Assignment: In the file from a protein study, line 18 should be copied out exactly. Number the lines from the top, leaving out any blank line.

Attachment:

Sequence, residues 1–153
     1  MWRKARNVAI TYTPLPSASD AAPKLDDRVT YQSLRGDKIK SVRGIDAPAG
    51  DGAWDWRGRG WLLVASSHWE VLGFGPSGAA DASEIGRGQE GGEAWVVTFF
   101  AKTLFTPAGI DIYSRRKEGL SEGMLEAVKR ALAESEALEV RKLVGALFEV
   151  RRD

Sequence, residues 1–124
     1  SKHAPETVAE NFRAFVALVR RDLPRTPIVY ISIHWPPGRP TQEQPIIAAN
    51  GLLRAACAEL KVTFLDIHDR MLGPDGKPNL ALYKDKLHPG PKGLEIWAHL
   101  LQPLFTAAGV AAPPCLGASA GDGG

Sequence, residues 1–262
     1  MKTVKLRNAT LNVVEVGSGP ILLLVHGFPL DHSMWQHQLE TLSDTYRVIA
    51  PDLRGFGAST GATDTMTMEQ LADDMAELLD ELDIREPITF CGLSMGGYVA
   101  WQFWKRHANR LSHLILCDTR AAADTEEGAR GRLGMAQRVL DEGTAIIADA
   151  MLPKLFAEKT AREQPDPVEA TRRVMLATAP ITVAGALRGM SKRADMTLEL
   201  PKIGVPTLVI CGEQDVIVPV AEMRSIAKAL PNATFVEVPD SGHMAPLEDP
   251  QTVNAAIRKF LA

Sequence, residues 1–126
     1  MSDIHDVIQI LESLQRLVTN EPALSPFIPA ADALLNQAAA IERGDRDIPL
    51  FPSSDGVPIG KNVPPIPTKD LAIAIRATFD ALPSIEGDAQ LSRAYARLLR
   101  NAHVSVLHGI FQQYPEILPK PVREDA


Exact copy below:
     1  MSDIHDVIQI LESLQRLVTN EPALSPFIPA ADALLNQAAA IERGDRDIPL